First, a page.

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14 Steps to Be Better Truck Driver

14 Steps to Be Better TRUCK DRIVER Good drivers are both common and uncommon. It is possible you might encounter rash teenagers to truck drivers to overly-cautious senior citizens; yet all contribute to how we can learn to be better drivers. Focus. Paying attention to the traffic around you, fre- quently surveying your mirrors, and anticipating what other drivers are going to do is the most important step to becoming a courteous and safe driver. Allow someone to pass, if you happen to see them going beyond the speed limit. This is no 1950s drag race. Proving your need for speed leads to dangerous circumstances between your car and other cars. U.S. Interstate Highway 65 MPH Speed Limit Use your turn signals, and use them at the right time. Notify other drivers of your intent to turn or to change lanes early enough that they are able to take appropriate action. Sitting at a red light is NOT the right time to turn on your blinker; if you had done so earlier, the person behind you would have been able to change lanes and avoid sitting behind you when the light turns green. NEVER try to "beat the light." If the light Never switch lanes when in the middle of an intersection. Also, time your entry into an intersection so that you don't get caught blocking it once the light turns red (i.e. "don't block the box"). turns yellow and you have enough space to stop safely, then stop. Keep in mind that it is courteous to allow a vehicle to turn into traffic if the driver is waiting for a break. Do not, however, suddenly slam the brakes in moving traffic in order to let a driver enter. This will most likely lead to a fender bender or worse, a collision from the unsuspecting driver behind you. Remember: maintaining a decently comfortable distance between you and the driver ahead of you is an excellent rule of thumb. You should keep at least 2 to 4 seconds distance between you and the person in front of you. You can use the signs or the paint dashes to judge this distance. Note that residential areas are common grounds for children to run spontaneously into the streets without looking for oncoming cars. Their minds focus on retrieving their ball in the street or catching up to friends by suddenly crossing roads on bikes, for instance. Remember that trucks often give their drivers difficulty stopping, turning, or backing up, we, as drivers, have all witnessed this. Be courteous of the senior citizens, as well. Senior citizens need to drive just like everyone else. This is especially the case when they have no other means to obtain essen- When passing a semi-truck, keep in mind that the truck driver has more diffi- culty braking. It is best to wait until you can see the truck in your rear-view mirror before completing a pass. tials. Most senior citizens, however, tend to prefer driving during early afternoons when there is less traffic and more daylight. Make an effort to change lanes when safe if you see utility work, police and emergency vehicles up ahead, or see a lane starting to slow down to a crawl while the opposite lanes are open or have less traffic. Understand that the majority of drivers just aim to get to their destination, just like everyone else does. Acci- dents happen, but you can take a few steps to prevent many of them from occurring, either to yourself or others. If you are signaled to stop by the police, be nice to the officer and they may let you go despite violating a traffic law, It will depend on what you did and the traffic conditions as to the offense. Not all officers are out to write tickets. Don't use the shoulder or median to get around people not moving with traffic. You will get nailed no matter how many cars you pass. JUAREZ: CDL TRAINING Source:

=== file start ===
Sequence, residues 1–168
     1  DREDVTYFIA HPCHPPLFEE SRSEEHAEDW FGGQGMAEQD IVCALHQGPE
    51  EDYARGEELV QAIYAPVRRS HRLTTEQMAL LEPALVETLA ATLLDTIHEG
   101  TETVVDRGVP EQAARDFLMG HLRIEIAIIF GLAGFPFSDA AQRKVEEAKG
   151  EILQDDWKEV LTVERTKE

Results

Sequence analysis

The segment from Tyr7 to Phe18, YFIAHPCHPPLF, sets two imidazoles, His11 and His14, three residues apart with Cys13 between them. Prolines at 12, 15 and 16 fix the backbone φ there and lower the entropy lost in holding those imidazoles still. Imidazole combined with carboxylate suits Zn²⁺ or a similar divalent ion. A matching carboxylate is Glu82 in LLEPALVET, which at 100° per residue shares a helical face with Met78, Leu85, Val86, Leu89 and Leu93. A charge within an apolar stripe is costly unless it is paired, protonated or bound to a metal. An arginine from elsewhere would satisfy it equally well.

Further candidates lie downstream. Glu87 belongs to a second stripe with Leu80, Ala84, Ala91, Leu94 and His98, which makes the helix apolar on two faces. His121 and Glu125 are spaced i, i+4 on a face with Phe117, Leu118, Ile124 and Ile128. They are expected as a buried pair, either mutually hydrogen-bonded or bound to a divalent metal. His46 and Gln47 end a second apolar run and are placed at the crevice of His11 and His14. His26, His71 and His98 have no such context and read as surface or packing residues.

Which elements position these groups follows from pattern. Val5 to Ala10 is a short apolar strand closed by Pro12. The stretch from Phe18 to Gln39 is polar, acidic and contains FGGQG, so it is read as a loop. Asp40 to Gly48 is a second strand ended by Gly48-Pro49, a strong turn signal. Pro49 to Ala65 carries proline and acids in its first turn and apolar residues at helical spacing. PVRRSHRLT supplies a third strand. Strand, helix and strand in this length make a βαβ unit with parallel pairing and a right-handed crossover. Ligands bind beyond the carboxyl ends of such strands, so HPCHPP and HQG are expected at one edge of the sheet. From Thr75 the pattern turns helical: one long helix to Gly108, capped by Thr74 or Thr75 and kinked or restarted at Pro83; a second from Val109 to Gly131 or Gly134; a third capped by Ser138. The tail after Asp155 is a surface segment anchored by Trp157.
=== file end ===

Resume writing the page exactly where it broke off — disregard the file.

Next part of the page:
14 Steps to Be Better Truck Driver

shared by juarezcdltraining on Oct 13
Good drivers are both common and uncommon. It is possible you might encounter rash teenagers to truck drivers to overly-cautious senior citizens; yet all contribute to how we can learn to be better drivers.


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